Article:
IT managers are being warned of the threats that are likely to keep them awake at night in 2007, with laptop security, VoIP and the contentious issue of mobile phone viruses all featuring on one organisation's 'hit-list'.
The Sans Institute says the greatest concern for businesses should be the security of their laptops, as more companies replace desktops with notebooks. The mix of sensitive data being taken out of the organisation and a lack of encryption, coupled with incidences of human error that can see such devices lost or stolen, means companies should make this issue a top priority.
The Sans report also said the theft of other mobile devices, such as PDAs and smart phones, will increase because of the value of the data they may contain.
Emerging threats from mobile phone viruses and VoIP should also be of concern, according to Sans.
Concerns about the security of VoIP have been around for as long as the technology, but the growth in take-up means large enterprises must now take note, whereas previously the typical user was a home user.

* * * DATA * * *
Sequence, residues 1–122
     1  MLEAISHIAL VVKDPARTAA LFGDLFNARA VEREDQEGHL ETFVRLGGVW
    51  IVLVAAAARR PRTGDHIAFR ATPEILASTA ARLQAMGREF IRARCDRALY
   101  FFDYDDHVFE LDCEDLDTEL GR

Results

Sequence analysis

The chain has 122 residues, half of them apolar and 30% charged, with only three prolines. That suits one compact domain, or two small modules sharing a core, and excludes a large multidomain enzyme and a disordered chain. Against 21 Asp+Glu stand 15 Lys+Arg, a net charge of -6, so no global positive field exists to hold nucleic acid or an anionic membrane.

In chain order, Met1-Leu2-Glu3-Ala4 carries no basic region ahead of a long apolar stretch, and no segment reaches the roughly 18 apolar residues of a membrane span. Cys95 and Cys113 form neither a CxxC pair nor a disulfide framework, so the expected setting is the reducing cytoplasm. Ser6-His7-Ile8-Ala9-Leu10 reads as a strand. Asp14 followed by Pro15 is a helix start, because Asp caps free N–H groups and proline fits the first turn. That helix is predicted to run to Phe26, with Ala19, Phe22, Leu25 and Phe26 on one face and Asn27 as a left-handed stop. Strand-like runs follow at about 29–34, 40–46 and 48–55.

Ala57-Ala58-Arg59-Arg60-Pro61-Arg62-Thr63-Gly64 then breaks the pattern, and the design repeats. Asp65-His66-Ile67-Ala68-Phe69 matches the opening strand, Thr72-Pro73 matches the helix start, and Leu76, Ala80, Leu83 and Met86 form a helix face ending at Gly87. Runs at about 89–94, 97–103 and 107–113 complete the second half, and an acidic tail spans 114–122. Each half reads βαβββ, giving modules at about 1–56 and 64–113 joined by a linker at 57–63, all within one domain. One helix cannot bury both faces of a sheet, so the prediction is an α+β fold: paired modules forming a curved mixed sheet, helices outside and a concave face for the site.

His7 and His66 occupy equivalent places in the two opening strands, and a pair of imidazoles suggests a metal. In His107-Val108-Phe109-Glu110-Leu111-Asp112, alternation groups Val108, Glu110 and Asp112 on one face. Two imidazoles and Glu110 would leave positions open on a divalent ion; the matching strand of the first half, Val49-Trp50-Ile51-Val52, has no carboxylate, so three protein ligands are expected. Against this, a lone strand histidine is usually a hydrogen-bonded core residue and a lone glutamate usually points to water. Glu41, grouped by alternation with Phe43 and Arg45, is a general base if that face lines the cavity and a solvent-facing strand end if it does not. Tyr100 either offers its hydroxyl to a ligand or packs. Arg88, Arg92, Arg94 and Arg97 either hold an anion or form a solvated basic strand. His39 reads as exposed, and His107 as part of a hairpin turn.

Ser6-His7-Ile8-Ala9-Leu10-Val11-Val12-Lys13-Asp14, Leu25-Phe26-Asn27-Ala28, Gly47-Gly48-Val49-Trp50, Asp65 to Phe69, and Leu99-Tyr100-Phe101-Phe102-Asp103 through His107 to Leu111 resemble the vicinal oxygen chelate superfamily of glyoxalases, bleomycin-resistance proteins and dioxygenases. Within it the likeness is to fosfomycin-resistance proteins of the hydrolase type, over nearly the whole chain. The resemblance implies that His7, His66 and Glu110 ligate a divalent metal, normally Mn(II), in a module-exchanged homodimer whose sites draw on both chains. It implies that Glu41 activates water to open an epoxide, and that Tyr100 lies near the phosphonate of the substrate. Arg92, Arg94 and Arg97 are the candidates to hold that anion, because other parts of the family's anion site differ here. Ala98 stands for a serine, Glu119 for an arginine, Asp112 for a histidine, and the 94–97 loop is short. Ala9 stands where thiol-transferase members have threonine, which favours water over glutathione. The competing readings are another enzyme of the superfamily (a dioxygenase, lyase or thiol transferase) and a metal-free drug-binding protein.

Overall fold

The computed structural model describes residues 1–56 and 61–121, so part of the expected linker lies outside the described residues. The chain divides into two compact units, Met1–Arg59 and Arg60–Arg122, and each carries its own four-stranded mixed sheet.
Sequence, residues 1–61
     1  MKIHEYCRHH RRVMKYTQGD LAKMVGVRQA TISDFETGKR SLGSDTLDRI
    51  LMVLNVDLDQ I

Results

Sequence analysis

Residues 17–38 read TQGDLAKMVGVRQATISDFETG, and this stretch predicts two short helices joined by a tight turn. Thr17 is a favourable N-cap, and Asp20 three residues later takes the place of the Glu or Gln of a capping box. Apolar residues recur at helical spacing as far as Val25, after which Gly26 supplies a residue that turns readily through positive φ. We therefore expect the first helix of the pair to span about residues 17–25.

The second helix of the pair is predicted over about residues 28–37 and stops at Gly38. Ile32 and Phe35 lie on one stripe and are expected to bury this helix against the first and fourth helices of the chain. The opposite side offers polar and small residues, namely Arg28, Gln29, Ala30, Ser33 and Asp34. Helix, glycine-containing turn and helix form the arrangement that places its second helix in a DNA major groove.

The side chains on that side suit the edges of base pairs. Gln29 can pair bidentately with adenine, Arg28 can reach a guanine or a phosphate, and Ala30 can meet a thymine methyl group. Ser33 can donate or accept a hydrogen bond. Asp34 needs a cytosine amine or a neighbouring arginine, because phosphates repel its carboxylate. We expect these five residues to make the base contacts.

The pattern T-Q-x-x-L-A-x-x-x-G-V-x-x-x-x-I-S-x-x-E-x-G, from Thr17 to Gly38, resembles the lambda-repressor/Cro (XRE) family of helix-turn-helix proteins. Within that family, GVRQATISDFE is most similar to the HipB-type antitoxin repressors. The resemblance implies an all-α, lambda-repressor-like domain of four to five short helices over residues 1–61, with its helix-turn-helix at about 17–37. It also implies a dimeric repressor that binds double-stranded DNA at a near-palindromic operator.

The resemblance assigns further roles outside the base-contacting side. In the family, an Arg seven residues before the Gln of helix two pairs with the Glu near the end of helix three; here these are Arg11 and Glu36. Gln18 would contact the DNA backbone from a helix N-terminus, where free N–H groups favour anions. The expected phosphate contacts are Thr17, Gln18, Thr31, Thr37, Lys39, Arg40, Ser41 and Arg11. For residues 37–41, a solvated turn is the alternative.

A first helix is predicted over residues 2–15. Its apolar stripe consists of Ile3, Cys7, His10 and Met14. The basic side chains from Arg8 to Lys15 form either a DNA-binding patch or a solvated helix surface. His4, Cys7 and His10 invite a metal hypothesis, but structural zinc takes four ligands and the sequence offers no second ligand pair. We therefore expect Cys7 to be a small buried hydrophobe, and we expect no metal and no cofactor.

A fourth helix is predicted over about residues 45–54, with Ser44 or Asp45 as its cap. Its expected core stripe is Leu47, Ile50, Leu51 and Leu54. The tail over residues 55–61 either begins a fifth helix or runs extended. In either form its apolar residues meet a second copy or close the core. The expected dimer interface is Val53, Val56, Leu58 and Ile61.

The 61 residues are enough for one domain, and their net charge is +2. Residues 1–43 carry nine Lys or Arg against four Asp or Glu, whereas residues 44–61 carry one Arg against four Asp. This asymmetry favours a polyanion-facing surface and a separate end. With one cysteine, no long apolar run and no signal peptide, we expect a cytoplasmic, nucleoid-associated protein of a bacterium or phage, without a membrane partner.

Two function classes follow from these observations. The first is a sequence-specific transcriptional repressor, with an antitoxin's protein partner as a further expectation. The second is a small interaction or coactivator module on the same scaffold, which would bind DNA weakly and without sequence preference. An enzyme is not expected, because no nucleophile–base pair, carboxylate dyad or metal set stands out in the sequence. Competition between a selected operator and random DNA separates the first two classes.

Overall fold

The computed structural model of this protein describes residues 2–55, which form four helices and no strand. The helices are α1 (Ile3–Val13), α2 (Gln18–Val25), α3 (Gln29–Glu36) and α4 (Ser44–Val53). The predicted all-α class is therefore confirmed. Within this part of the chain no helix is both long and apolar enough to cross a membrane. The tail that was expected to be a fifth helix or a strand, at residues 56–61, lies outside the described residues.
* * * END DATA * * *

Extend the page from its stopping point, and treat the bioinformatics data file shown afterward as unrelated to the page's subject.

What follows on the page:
And the issue of mobile phone viruses is something that has split the security industry, with many branding it hype and accusing vendors of creating a market out of fear and uncertainty.
Sans predicts: "Mobile phone worms will infect at least 100,000 phones, jumping from phone to phone over wireless data networks."
Such a strong prediction is likely to draw fresh criticism of those peddling the mobile malware threat but Sans joins antivirus vendors such as F-Secure, McAfee and Symantec in making the case for greater mobile security.
Dave Marcus, security research manager at McAfee, said his company is also predicting an increase in the threat levels of mobile malware, though speaking earlier this year he was quick to temper that prediction with some reality.
Marcus said: "It's nascent and it's still proof of concept and it all requires the user to do something." But as more people store sensitive data on handheld devices such as smart phones, Marcus said it is inevitable "the malware is going to go where the data is".
The Sans report also warns of an increase in zero-day attacks — which occur when vulnerabilities are exploited before or on the same day as patches are released — maximising the window of opportunity for the attackers.